Travel To Wieliczka Salt Mines
Wieliczka is one of the oldest documented salt mines in Europe, often called the "Underground Salt Cathedral of Poland". Rock salt was mined at Wieliczka from the Middle Ages up until the 20th century. The mine sprawls over nine floors and reaches heights of 1,072 feet below the surface. It includes 2040 chambers and more than 186 miles of galleries, 26 surface shafts, and 180 connecting caverns.
Interestingly, each of the nine levels contains a chapel , several different pieces of artwork, and sculpted statues in salt. There are also salt lakes which you can actually row in small dingies. The oldest preserved chapel is the St.Anthony Chapel where mass was first celebrated in 1698. St Anthony's is also home to some freestanding statues, including those of the Virgin Mary and the infant St. Anthony, the patron saint of metal miners.
In 1896, work began on the largest chapel in the collection, St. Kinga, and continued up until 1963. The chapel is carved completely out of salt. Every inch, including the floor to the ceiling, the altars and statues, and the chandeliers, is made from salt crystals that were adapted for electricity in 1918.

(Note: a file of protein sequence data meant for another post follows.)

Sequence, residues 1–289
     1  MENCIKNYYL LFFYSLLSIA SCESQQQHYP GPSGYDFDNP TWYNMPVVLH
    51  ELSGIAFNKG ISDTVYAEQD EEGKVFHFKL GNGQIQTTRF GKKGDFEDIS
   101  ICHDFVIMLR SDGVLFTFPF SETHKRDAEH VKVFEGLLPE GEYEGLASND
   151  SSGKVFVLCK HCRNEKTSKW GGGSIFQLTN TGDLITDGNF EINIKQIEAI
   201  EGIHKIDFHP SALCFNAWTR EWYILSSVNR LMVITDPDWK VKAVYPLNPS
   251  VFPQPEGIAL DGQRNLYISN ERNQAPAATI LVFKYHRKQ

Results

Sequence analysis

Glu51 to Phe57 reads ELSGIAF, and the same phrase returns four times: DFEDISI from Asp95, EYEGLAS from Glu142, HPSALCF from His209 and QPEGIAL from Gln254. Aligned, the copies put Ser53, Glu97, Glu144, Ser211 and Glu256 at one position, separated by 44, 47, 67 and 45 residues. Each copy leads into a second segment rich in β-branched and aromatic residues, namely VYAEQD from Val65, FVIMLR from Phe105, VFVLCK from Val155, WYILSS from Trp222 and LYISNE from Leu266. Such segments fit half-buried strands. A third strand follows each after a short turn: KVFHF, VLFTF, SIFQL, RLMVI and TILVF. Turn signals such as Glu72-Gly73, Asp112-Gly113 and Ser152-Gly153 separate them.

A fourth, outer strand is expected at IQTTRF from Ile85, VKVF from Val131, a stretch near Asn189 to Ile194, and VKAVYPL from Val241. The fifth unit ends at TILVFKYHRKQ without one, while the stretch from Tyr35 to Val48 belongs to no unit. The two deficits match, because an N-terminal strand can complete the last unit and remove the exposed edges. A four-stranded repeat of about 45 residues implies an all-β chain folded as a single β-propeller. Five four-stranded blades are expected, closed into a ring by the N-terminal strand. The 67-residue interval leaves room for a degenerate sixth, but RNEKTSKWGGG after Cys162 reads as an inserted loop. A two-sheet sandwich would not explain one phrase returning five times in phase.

Bottom of St Kinga Shaft
There are several other chambers dedicated to religious and Polish historical figures. The most lighthearted figures include the gnomes in the small Kuneganda Pit Bottom, imitating miners at work. This, of course, is a playful representation of the efforts of the miners, and also to Polish folklore.
The first tourist route at Wieliczka was opened in the middle of the 19th century. In order to get down to the level of the mine, visitors must descend a wooden stairway of 378 steps. After the three-kilometer tour of the mine's corridors, chapels, statues and lake, 135 metres underground, visitors take an elevator back up to the surface. The elevator holds 36 persons (nine per car) and takes some 30 seconds to reach the surface.
According to UNESCO "The Wieliczka salt mine reflects all the historic stages of development in mining techniques from the 13th to the 20th centuries, while the devices and tools preserved there document the old systems of working the deposits, drainage, lighting, and ventilation of the mine in a unique manner by world standards."